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Good Leaders Promote Professional Growth

Written by: Santarvis Brown, Senior Level Executive Contributor

Executive Contributors at Brainz Magazine are handpicked and invited to contribute because of their knowledge and valuable insight within their area of expertise.

Executive Contributor Santarvis Brown

As a leader who has been on both sides of the desk, I know how important professional training, development, and growth can be. Many employees are constantly looking to refine their skills, but not all leaders are willing to afford them the opportunity to do so. Stagnating employees are rarely happy employees, and while the thought process behind restricting professional growth seems to be that well-trained employees might leave the company, untrained staff likely will, too.

Photo of woman wearing eyeglasses and her team

Good leadership includes helping your employees advance in their careers. Give them all of the training and educational opportunities you can! Then reinforce how much they mean to your company and try to keep them around. Train your employees well enough so that they could leave, in other words, and treat them well enough that they won’t.

Good leaders promote professional growth. Let’s look at how.

Get to know your employees

Before you can determine which opportunities are right for your employees, you should have at least a basic understanding of their strengths and weaknesses and overarching professional goals. If one of your team members is planning on pursuing front-facing actions that rely more on interpersonal communication than anything else, you want to pass along any opportunities that come your way for that kind of growth.

The best leaders know their employees’ professional abilities. It can take some time to interact with them enough to glean their expertise (or lack thereof), of course, but it’s something that you should keep in mind as their time with the company increases.

Be flexible with training opportunities

One of the biggest challenges professional growth opportunities present is their scheduling. Many of them take place during the workday, which means that your team will be down a person for the duration of the training program in question. Before you dismiss the opportunity out of hand based on that, reconsider how it will benefit your employee and advance their goals as well as what the overall team stands to gain from the employee’s advanced knowledge.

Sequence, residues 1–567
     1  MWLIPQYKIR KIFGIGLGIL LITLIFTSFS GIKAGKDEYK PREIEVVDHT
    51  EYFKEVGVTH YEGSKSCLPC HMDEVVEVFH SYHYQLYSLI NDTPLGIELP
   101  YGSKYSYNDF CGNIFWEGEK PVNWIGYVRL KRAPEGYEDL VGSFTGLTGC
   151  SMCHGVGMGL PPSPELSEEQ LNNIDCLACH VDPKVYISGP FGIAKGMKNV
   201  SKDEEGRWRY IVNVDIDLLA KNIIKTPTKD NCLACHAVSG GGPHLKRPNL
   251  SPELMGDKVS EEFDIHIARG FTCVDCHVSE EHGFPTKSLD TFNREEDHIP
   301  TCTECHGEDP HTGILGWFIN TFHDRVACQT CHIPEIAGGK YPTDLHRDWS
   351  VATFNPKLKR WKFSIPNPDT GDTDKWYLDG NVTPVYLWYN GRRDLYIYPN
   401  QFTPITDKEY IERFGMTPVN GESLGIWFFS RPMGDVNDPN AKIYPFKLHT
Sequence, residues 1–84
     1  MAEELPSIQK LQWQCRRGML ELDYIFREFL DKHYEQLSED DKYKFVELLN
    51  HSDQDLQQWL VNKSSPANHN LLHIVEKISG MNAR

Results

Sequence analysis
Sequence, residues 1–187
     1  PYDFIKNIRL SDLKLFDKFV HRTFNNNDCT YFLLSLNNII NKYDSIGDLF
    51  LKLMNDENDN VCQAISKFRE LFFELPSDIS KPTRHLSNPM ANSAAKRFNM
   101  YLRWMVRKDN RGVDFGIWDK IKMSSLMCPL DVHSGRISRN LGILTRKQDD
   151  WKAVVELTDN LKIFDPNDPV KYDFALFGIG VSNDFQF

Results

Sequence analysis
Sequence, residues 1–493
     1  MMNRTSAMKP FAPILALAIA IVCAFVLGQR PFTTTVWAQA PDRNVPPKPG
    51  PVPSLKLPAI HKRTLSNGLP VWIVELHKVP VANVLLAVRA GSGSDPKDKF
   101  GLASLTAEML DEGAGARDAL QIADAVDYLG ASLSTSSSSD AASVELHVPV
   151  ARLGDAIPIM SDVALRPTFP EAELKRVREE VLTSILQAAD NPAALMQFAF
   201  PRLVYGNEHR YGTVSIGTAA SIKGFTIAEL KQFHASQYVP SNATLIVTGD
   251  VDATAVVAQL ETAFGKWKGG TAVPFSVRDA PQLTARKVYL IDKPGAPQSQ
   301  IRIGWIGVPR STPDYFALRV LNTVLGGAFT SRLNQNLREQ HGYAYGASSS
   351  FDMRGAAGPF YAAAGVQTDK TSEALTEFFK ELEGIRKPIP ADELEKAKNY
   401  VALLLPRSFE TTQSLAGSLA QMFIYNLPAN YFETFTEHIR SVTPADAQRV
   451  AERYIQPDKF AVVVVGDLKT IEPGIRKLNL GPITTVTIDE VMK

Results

Good leaders are willing to be flexible with work schedules wherever possible in order to promote professional growth. Remember that if you won’t make time for their growth, employees will find an employer who will.

Alter job descriptions according to new training and expertise

Sometimes job descriptions remain the same throughout the entirety of an employee's tenure with the company. While that makes sense in some cases, in others it would be more productive to change them a bit as time passes. If your employee has advanced their knowledge in the industry and is now an expert in a certain niche, their daily responsibilities should reflect that change in some way.

Give your employees the opportunity to practice their new skills and continue to gain confidence in their professional growth. Don’t be afraid to sit down with your team members and discuss their current and future roles in the company as their projects and tasks shift.

If you want to be an excellent leader, you must foster professional growth in your employees. Holding them back will accomplish nothing except festering resentment.

Visit Santarvis on his LinkedIn, Twitter, Instagram, and Facebook for more information.

Santarvis Brown Brainz Magazine

Santarvis Brown, Senior Level Executive Contributor Brainz Magazine

Dr. Santarvis Brown has spent 15+ years serving as a leader, innovator, and changemaker in education, showcasing in-depth insight as an administrator, educator, and program director. A noted speaker, researcher, and full professor, he has lent his speaking talent to many community and educational forums, serving as a keynote speaker. He has also penned several publications tackling issues in civic service, faith, leadership, and education.



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